“Telegram exists as a forwarding network — that’s the main way the information flows,” she said. “It’s a very efficient mechanism for them.”

The Global Internet Forum to Counter Terrorism, a nonprofit organization formed in 2017 by Facebook, Microsoft, Twitter and YouTube, said in a statement that it was “actively removing perpetrator-created content related to the attack” in an attempt “to prevent its viral spread across our services.” Amazon is also a member of the forum.

The footage that appeared on Twitch was posted from an account created two months ago.

The assailant identified himself in accented English as “Anon” before denying the Holocaust, complaining about feminism and immigration and saying that “the root of all these problems is the Jew.”

He then drove to a synagogue on Halle’s Humboldt Street, an arsenal of weapons visible in his car. He struggled to enter the synagogue. After a woman spoke to him as she passed in the street, he shot her in the back, and then shot her several more times after she collapsed.

Unable to enter the synagogue even after shooting at the door, he drove to a kebab shop. He fired at two men cowering behind a beverage machine and then went outside, where he fired at several pedestrians. Later, he re-entered the shop and shot the body of one victim several times.

Twitch has doubled the number of moderators it employs this year, though it would not specify how many.

The company has been trying to broaden its appeal beyond video games, courting advertisers and soliciting content from artists, musicians, chefs and others.

Emmett Shear, the chief executive of Twitch, said at the company’s Twitchcon event in San Diego last month that safety was “a big concern,” acknowledging that users had been disappointed in the platform’s moderation practices after encountering “a lot of issues.”

“We haven’t always been consistent in our enforcement,” he said. “You have to remember we have to do this 24/7, in many different languages, in many different countries and time zones.”

He said improving Twitch’s moderation process, clarifying its community guidelines and providing more transparency would be “a perpetual investment for us.”

“It’s one of the biggest challenges facing every social media service on the internet, and particularly facing Twitch,” he said.

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‘A victim of their own failure’: Why PG&E’s massive power shutdown in California was inevitable

CLOSEWestlake Legal Group icon_close 'A victim of their own failure': Why PG&E's massive power shutdown in California was inevitable

Pacific Gas and Electric Co. is shutting off power to hundreds of thousands of homes and businesses amid dry conditions in an effort to prevent fires. Wochit, Wochit

SAN FRANCISCO — In cutting power to more than 2 million California residents Wednesday, Pacific Gas and Electric once again earned the wrath of citizens and politicians alike.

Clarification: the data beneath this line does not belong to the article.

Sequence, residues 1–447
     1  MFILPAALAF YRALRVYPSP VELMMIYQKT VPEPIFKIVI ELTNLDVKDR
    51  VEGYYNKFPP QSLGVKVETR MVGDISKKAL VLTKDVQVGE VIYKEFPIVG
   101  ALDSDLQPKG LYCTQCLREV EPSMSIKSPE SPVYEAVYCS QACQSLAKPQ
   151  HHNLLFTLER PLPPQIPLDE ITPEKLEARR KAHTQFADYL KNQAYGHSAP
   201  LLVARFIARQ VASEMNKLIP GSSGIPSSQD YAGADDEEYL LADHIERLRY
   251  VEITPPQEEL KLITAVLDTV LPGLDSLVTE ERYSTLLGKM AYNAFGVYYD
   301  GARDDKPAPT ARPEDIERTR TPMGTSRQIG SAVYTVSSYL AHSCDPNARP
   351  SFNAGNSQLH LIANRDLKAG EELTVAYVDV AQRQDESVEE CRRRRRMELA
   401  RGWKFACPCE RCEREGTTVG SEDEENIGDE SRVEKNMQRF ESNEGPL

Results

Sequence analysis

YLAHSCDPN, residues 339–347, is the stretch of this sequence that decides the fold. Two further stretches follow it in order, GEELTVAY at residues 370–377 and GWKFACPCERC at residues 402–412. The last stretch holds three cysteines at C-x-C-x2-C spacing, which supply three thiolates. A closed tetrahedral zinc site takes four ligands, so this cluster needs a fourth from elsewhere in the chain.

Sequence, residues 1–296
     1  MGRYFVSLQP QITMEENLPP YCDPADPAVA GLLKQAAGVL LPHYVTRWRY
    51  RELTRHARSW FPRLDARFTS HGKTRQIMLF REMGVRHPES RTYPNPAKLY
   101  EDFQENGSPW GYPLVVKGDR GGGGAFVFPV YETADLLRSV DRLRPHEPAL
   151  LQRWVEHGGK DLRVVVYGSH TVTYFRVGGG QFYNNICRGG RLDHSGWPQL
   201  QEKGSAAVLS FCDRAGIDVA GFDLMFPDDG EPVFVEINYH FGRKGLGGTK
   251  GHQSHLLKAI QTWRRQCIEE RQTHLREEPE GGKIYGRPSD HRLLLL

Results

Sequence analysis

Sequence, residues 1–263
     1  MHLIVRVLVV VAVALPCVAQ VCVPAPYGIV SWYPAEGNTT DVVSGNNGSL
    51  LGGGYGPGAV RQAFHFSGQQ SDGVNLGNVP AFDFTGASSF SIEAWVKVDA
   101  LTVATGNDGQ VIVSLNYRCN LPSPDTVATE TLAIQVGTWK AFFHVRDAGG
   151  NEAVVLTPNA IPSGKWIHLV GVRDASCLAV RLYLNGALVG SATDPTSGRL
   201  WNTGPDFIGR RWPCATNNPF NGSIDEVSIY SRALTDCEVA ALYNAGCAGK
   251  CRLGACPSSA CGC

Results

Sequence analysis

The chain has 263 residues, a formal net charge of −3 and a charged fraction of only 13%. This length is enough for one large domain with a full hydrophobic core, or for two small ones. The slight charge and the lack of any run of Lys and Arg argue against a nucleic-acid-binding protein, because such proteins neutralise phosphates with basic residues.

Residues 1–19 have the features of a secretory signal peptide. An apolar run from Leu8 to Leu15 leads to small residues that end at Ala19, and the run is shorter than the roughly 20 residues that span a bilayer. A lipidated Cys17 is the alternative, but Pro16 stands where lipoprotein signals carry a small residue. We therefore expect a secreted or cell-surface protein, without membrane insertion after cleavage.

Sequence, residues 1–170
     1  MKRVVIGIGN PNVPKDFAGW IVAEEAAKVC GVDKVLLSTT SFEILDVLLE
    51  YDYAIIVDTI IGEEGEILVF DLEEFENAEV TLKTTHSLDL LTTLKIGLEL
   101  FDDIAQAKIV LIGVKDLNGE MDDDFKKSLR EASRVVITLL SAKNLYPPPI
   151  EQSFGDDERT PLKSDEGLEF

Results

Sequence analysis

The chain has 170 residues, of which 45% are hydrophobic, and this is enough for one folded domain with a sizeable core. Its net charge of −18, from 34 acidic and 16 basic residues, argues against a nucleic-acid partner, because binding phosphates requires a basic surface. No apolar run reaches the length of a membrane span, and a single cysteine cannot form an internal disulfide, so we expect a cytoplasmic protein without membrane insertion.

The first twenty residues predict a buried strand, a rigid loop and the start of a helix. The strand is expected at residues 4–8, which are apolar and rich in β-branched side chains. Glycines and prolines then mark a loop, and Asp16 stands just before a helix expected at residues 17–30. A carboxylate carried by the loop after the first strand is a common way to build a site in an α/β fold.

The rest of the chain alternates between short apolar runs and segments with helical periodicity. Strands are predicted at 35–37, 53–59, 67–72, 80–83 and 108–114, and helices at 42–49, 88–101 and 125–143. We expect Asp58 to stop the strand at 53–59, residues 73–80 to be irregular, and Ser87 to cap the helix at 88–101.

But, others note, the public utility was damned if it did, and damned if it didn’t go with the extreme measure, enacted in an effort to avoid once again sparking wildfires as fierce winds kicked up around the state.

PG&E was forced to declare bankruptcy earlier this year after being held liable for tens of billions in damages resulting from many of the two dozen deadly wildfires that flared in 2017 due to downed power lines.

“I would say this outage is justified, but it’s coarse,” says Scott Lewis Stephens, professor of fire science at the University of California, Berkeley.

“The impact of this is so huge that it will probably encourage more discussions about what we’ll do in these cases down the road,” he says. “In the future, it needs to be more refined.”

PG&E’s approach certainly was more sledgehammer than scalpel, affecting more than 30 counties across the state, where it provides power to some 16 million of California’s 40 million residents.

California power outage Q&A: What you need to know

What’s more, the utility warned that it could take days to restore power because all power lines would need to be inspected for possible wind-related damage before electricity could once again flow.

In fact, some 25,000 miles of PG&E lines are involved in this week’s preventive outage, says company spokesman Jeff Smith.

“Our aim is to restore power 48 hours after the weather has passed, but customers should prepare for an extended day outage, especially when you have so many shutoffs going on,” he says. “With over 30 counties, that’s a lot of wire we need to inspect.”

Smith says that due to the changing climate and the state’s recent wildfire history, such public safety power shutoffs, newly instituted this year, “are necessary to keep customers safe.”

California’s rising fire danger

The utility’s outage track record is wanting. Data published by the California Public Utilities Commission this month shows across all three utilities it regulates in California, there have been 4,082,970 customer hours of pre-emptive outages since the end of 2017.

Of those, PG&E accounted for just over half the total outage hours, although San Diego Gas & Electric customers were most likely to experience an outage, racking up 2 million hours of outages in the same time period across their relatively small, 4,100- square-mile territory.

Fire increasingly is a part of the California energy puzzle. Fire itself, of course, is not an unnatural part of the landscapes here, it’s part of what created them in the first place and will continue to occur.

However as the climate warms, areas that were already hot and subject to drought will only face more fire danger, says Brian Harvey, a professor of environmental and forest sciences at the University of Washington in Seattle.